Turkey and Qatar have signed a tripartite deal with the Libyan government for military cooperation, in a new development set to enhance the government's defence against the forces of Khalifa Haftar.
The agreement, which was announced by Libya's Deputy Defence Minister Salam Al-Namroush yesterday, will establish military facilities and training programmes within the country. This cooperation will include Qatar's funding of military training centres and the establishment of a trilateral coordination centre and Turkish naval base in the city of Misrata. Consultation will also be provided to Libyan government forces as part of the agreement.
The deal was struck after a visit and meetings between Turkish Defence Minister Hulusi Akar, his Qatari counterpart Mohammad Al-Attiyah, and the Libyan Prime Minister Fayez Al-Sarraj and other Libyan ministers yesterday. The representatives of the three countries then discussed a number of issues regarding trilateral relations and defence.
On his arrival in the capital Tripoli, Akar stated that, "We believe that we will achieve the wanted results by supporting our Libyan brothers in their just cause," during his visit to the capital Tripoli.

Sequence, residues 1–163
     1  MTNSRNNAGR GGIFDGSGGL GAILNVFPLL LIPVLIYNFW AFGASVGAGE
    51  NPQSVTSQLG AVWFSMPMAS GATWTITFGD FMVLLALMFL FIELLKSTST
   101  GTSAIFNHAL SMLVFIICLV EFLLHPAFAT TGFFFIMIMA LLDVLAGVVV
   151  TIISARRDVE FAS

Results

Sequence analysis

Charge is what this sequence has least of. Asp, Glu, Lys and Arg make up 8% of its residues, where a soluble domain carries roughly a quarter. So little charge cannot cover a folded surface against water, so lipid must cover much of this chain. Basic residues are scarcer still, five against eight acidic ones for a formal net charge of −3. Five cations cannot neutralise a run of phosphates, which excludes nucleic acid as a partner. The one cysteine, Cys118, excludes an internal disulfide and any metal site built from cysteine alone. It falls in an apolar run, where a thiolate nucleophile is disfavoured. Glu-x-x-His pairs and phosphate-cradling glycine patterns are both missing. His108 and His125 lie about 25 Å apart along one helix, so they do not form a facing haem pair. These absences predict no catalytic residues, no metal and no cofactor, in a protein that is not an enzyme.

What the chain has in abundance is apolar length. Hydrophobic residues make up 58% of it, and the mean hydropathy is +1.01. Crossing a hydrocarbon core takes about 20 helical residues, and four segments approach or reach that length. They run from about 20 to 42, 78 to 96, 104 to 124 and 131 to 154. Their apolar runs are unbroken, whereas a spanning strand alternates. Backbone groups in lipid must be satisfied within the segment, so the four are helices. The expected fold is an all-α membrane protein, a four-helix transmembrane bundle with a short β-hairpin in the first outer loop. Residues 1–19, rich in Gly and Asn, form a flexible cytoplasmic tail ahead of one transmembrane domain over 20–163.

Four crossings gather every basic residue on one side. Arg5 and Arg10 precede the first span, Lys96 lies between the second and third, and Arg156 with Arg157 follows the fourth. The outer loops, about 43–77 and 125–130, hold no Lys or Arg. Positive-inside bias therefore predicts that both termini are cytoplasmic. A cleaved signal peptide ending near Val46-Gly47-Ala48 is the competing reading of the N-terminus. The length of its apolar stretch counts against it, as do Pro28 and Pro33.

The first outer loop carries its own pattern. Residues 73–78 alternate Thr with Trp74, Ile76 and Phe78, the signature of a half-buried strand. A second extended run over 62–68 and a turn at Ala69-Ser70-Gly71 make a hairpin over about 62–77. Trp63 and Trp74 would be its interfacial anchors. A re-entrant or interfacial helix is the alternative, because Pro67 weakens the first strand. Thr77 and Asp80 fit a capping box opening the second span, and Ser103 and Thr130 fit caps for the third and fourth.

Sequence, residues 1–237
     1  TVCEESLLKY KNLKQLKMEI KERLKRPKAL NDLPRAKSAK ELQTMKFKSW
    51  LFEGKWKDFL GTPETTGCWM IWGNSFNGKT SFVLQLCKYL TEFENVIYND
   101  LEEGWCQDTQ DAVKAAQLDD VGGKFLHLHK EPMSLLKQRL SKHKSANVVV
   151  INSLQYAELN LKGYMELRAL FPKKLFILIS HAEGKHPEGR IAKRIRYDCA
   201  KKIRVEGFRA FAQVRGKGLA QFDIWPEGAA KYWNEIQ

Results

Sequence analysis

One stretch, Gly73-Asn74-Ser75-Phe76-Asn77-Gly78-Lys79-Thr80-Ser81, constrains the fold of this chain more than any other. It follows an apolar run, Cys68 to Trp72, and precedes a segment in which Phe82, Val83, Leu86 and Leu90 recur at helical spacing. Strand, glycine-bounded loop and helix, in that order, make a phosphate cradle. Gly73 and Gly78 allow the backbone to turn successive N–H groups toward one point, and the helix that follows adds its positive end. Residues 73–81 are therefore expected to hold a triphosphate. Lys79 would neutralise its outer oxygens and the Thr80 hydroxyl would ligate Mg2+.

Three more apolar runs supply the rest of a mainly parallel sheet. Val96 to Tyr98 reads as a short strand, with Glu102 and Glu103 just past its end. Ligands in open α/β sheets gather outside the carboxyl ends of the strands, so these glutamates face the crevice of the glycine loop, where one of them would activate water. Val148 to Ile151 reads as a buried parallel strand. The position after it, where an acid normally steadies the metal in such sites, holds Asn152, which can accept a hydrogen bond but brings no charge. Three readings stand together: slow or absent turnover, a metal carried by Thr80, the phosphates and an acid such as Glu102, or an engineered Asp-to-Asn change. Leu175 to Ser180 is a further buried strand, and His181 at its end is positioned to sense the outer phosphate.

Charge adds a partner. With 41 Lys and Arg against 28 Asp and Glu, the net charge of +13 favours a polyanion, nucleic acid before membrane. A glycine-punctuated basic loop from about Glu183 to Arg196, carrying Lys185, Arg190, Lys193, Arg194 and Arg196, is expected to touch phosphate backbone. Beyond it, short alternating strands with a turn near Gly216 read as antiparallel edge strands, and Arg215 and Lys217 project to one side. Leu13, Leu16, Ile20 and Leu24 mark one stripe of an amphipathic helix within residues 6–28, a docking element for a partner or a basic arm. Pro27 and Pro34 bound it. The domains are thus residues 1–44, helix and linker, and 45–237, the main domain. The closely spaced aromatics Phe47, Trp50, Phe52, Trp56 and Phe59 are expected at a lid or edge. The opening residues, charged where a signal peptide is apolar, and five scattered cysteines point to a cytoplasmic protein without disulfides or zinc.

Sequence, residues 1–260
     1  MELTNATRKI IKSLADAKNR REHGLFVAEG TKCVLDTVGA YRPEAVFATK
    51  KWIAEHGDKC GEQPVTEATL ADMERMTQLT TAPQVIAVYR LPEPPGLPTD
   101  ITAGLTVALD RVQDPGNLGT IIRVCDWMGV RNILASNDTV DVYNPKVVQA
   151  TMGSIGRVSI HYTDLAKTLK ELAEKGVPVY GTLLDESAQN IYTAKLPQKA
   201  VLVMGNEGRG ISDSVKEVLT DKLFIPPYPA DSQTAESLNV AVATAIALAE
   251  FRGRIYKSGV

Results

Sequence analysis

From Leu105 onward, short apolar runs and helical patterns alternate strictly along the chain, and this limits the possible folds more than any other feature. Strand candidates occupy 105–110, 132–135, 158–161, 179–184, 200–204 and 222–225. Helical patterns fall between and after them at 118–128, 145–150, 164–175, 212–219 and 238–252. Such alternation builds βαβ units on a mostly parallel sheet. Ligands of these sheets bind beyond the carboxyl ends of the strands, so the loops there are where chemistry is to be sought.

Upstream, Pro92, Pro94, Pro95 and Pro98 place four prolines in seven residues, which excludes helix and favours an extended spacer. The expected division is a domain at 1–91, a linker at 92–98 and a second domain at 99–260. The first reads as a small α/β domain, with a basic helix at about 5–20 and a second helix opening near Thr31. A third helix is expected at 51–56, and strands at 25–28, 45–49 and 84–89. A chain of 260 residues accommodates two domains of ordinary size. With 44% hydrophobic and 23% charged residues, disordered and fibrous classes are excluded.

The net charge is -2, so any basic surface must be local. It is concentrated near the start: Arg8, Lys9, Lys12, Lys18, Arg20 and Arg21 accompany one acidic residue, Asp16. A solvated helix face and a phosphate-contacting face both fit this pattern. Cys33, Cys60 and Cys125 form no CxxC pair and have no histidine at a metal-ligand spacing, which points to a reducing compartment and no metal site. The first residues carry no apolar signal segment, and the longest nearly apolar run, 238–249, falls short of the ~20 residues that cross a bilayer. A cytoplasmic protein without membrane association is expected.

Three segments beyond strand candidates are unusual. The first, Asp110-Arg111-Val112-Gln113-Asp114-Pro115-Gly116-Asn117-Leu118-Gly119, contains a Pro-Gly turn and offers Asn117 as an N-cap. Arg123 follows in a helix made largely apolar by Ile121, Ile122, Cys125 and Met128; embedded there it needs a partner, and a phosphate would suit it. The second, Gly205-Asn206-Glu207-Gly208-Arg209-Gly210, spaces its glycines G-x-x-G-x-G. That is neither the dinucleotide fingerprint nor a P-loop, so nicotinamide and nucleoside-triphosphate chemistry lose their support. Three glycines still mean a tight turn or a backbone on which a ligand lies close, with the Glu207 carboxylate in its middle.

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On the same day, Tripoli was also visited by German Foreign Minister Heiko Maas who made an unannounced arrival in which he gave a statement saying that he was to meet with officials of the UN-backed government in order to "talk about ways out of this very dangerous situation," referring to the ongoing conflict within Libya.
Maas said that although there is currently little action on the frontlines between government forces and the forces of Khalifa Haftar, the world must not be deceived by the "deceptive calm" and must find a solution to the conflict.
The military cooperation deal is the latest such development in Turkey and Qatar's long-time support for the Libyan government throughout Libya's civil war, in which Haftar has also been backed by international and regional states such as France, Russia, Egypt, the United Arab Emirates, Saudi Arabia, as well as various mercenary groups deployed by those countries.
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